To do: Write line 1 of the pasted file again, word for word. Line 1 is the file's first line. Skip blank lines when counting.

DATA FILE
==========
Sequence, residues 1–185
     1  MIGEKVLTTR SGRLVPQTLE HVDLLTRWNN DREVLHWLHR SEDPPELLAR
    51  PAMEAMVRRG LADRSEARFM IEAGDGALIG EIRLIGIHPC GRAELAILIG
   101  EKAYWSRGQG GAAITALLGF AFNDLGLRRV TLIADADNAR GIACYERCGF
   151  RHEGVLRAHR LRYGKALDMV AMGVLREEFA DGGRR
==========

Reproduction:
Sequence, residues 1–185